These can best be described as sudden, unexpected changes in the way someone feels and behaves, especially when becoming angry, unhappy and even aggressive. Prior to absorbing the content of the article, consider the following scenario:
A married working mother, with two children, wakes up one morning feeling motivated and inspired, and decides to "be the person she really wishes to be". She will be attentive to her boss's needs, co-operative with her colleagues, will control any irritation when fetching the kids from school, and at the end of the day, will sit down peacefully and enjoy a few cocktails with her husband and forgive him for the previous day's remark that "it must be that time of month again".
Disaster looms, however, when after much irritation, the car finally starts and she arrives late at her workplace and receives an unpleasant reception from her boss ("grumpy, bald-headed old slave driver," she silently thinks). Piles of paperwork on her desk need such urgent attention that she feels obliged to forfeit her lunch break. Soon after, she receives a call from the school saying that she had best come and collect her son, who has a raging fever. Not totally out of control just yet, she is looking forward to some sweet relief later in the day, when her husband calls to say that he will be late, because of a stack of emails that have to be answered (Yeah, as though she's going to believe that!).
By now, this weary individual has experienced no fewer than about five mood swings. (Sound familiar?)
And this glorious day fuelled by optimism and goodwill has been contaminated by what can only be described as reality!
Besides the many forms of stress that one experiences, other factors play a role too, such as:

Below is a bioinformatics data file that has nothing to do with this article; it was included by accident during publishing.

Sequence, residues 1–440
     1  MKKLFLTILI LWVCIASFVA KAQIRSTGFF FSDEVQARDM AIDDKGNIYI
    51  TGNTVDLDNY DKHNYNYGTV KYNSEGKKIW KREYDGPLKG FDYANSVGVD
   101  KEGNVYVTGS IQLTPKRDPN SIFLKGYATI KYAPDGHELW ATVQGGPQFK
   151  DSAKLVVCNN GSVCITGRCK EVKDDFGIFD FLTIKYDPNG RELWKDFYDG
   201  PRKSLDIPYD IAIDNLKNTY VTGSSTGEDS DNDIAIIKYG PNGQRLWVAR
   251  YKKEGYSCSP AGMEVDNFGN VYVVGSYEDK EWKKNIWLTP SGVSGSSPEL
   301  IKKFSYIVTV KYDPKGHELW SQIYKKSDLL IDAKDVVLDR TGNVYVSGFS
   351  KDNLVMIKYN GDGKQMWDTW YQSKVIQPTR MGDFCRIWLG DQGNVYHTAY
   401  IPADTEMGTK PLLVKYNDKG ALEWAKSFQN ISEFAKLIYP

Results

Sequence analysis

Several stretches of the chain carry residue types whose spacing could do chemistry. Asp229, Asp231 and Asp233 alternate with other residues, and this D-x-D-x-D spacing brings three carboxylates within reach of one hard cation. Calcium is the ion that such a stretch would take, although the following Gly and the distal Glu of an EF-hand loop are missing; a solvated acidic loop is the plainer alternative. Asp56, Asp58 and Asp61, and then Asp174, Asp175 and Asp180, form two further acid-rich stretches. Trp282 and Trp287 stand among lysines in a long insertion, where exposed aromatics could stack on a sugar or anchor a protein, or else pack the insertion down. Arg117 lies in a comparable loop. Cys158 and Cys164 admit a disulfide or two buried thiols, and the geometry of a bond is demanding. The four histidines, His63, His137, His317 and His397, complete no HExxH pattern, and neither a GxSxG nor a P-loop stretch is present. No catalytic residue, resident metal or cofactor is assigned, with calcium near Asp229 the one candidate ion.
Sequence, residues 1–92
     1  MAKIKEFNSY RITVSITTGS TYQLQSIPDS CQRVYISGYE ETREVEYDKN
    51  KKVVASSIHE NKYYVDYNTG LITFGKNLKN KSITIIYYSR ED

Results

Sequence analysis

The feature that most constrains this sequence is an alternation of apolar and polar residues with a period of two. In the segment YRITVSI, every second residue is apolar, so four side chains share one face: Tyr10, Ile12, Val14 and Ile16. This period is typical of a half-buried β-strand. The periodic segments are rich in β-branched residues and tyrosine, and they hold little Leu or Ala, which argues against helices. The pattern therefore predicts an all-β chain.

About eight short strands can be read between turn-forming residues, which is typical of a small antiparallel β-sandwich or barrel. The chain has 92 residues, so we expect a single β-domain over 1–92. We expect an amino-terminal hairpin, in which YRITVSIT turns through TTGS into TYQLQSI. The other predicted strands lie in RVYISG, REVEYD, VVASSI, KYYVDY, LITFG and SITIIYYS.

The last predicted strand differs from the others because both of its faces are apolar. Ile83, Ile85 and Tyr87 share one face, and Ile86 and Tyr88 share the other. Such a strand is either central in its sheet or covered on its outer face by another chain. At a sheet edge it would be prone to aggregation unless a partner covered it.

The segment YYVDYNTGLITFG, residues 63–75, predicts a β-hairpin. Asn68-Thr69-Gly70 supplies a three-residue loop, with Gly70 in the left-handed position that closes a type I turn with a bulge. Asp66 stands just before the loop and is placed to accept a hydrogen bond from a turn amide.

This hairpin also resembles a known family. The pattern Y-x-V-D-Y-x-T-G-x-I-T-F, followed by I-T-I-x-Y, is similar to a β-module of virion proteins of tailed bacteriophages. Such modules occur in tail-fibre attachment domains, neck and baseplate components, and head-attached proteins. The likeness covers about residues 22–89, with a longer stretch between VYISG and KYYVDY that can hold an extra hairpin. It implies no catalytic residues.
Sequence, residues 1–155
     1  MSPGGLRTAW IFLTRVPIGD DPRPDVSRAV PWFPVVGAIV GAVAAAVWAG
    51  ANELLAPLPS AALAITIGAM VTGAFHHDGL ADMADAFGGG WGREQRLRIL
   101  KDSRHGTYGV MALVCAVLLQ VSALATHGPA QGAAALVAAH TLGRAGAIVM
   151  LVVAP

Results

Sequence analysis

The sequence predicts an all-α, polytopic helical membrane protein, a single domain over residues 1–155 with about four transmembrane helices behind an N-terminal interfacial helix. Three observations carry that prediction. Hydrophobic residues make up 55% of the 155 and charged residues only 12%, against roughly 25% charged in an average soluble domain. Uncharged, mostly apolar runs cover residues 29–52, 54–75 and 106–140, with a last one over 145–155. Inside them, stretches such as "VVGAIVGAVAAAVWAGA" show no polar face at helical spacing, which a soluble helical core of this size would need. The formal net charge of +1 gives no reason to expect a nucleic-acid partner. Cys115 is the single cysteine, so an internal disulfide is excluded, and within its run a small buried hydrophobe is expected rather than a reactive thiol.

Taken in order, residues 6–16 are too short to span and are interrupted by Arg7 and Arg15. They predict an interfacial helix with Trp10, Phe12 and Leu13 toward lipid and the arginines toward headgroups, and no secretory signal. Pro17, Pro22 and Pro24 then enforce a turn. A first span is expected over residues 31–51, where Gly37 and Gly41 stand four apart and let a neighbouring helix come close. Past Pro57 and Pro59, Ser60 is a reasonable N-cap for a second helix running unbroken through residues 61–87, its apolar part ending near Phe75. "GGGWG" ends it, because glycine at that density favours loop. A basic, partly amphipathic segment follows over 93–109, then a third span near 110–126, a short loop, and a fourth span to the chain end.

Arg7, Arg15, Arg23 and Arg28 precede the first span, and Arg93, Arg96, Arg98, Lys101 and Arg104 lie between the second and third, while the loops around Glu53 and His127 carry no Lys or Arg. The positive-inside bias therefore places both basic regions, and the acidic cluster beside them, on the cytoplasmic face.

Depression; not everyone expresses sadness, anger or agitation, but these bottled-up feelings most certainly manifest as changes in mood.
Lack of sleep; this is most detrimental when trying to maintain a sense of emotional equilibrium, and can lead to misunderstood emotional outbursts.
Use of drugs and alcohol can initially cause a feeling of euphoria, but "what goes up must come down".
Hormonal changes are a primary cause of mood swings, but these altered emotions can sometimes be controlled with medication.
The physiology of mood swings includes the brain cells, usually being the biggest users of nutrition, all too often living under sub-optimal nutrition. Sugar, despite all the bad news it receives, continues to be consumed excessively in many people's diets, and is without doubt a major contributor to mood swings. According to dieticians, "reducing refined carbohydrates will regulate blood sugar and keep mood swings under control".
A bit of anxiety can, however, be a good thing, as it may prompt one to be more organized and to manage one's relationships in a more controlled manner, in order to avoid tensions.
There are many organic medications that calm one who is prone to mood swings; and a relaxing form of massage can do wonders to lift one's spirits too. The aromas of the MatsiMela Home Spa ranges will add to the soothing, calming effects of a good massage, and will promote feelings of contentment.